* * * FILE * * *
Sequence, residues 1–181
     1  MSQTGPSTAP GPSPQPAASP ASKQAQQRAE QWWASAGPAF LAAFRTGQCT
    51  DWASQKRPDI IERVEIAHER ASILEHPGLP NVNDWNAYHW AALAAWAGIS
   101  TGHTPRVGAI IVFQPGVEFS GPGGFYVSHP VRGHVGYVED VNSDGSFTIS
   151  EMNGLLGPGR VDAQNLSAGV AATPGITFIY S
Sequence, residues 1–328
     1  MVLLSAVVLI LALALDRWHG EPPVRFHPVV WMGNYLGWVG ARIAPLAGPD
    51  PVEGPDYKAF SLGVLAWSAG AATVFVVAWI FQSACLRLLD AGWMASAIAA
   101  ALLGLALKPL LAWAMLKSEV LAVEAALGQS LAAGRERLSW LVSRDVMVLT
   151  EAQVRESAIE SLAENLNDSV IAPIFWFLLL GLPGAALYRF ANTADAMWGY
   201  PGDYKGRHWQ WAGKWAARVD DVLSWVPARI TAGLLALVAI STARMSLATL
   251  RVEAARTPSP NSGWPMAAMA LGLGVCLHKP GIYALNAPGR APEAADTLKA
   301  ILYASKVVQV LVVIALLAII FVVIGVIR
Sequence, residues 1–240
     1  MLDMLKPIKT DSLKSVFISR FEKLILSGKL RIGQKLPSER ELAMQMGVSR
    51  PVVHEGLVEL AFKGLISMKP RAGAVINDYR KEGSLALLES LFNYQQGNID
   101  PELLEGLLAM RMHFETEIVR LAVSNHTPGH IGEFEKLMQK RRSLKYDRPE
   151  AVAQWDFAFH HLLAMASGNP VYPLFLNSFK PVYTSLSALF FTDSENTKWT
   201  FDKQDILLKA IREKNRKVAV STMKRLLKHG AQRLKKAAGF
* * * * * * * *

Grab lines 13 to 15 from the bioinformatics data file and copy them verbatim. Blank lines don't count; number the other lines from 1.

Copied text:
   301  ILYASKVVQV LVVIALLAII FVVIGVIR
Sequence, residues 1–240
     1  MLDMLKPIKT DSLKSVFISR FEKLILSGKL RIGQKLPSER ELAMQMGVSR